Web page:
We've really got a division between the hypedrogen hordes on one side, and every other kind of fuel cell on the other side. That other side includes solid-oxide and methanol FCs. Remember that when we were right on the edge of getting our 80-MPG PNGV cars and achieving oil independence again by 2010, oil-financed GWB killed the program (which set us back more than 20 years) and gave us the hypedrogen Freedom Car program instead. Notice what we STILL don't have in any kind of quantity? And the few we do have arefueled at central stations,mostly from hydrogen made from natural gas.It is right back in the pocket of the oilco's, controlling everything. A PHEV with a methanol FC gives the consumer far more choices about what to run on and where to get it. It's the mandatory reliance on hydrogen, controlled by a few companies, which is the trouble with the "clean" FC model.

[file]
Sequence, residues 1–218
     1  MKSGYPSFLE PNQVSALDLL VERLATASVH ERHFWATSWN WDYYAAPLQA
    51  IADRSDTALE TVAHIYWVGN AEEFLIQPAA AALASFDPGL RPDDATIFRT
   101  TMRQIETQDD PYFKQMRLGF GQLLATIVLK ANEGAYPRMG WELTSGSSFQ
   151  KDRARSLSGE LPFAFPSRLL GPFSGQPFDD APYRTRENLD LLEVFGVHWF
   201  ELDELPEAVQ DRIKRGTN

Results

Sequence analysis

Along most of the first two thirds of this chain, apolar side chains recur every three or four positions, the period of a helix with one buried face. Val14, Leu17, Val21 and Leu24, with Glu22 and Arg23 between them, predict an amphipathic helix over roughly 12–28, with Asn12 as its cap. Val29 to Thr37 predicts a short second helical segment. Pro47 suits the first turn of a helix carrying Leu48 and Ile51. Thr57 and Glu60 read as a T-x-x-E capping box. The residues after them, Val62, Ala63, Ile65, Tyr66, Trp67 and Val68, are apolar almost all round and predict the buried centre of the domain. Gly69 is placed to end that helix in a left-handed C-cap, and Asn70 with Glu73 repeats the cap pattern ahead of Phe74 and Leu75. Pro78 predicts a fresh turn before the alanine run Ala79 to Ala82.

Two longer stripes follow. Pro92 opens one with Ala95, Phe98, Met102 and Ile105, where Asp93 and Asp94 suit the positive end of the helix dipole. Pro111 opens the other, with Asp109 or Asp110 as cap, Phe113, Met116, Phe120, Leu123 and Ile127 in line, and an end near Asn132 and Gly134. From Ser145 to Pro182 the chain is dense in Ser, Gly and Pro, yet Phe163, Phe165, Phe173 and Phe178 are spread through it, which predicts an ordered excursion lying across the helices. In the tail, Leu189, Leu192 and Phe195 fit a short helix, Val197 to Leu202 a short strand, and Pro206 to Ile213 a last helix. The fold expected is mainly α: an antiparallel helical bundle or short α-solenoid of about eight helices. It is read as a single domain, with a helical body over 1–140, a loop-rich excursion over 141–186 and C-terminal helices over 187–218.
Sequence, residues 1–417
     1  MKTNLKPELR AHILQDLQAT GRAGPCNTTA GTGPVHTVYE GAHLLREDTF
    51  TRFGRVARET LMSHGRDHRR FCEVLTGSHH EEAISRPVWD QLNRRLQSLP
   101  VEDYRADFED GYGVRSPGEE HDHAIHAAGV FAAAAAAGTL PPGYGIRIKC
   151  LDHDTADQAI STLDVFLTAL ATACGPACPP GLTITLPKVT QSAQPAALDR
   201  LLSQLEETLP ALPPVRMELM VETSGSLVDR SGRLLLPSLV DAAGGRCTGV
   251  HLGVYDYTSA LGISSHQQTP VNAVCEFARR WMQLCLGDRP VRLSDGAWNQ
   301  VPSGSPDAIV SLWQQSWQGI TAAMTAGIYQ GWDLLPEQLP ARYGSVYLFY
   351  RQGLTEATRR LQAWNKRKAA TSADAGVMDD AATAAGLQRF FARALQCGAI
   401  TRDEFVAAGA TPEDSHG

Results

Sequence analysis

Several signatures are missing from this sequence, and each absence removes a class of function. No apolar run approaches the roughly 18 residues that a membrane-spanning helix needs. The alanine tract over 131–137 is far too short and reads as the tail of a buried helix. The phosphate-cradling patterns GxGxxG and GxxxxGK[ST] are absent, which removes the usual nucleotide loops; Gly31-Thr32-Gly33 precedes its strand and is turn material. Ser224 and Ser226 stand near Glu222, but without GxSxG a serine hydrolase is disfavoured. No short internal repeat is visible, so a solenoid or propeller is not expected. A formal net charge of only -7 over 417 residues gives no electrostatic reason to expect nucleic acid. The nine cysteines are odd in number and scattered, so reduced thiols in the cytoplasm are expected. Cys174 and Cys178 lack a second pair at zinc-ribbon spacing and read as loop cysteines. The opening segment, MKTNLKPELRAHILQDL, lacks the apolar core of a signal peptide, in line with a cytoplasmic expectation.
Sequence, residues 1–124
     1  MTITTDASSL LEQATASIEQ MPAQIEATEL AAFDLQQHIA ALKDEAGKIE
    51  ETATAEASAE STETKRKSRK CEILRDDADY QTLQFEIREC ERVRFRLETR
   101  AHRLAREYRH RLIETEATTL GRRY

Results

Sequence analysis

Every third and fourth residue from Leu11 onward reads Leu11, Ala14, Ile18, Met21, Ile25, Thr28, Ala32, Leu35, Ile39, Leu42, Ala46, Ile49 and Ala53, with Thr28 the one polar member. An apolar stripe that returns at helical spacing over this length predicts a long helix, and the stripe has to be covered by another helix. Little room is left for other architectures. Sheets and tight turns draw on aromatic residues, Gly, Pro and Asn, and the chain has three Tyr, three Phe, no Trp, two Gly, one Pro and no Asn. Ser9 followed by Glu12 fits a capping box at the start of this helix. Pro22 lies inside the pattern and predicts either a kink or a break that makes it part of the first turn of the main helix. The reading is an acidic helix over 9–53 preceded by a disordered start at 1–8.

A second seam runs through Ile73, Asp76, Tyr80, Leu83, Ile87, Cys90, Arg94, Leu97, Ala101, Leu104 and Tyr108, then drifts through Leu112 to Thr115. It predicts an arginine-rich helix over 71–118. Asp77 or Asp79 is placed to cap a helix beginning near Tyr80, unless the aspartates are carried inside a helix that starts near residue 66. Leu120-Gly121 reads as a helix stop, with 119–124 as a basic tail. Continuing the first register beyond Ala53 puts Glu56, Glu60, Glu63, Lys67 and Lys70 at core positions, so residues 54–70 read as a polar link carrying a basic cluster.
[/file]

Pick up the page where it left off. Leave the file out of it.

Okay, this thing generates H+ ions at the positive electrode (OER side) and turns H+ into H2 at the negative electrode (HER side). Does it evolve CO2 at the oxygen side, e.g. turning carbonate ion into CO2 and oxygen? A lot of the notions out there require CO2 for various functions and it would be good to know if cells based on these catalysts can do that too.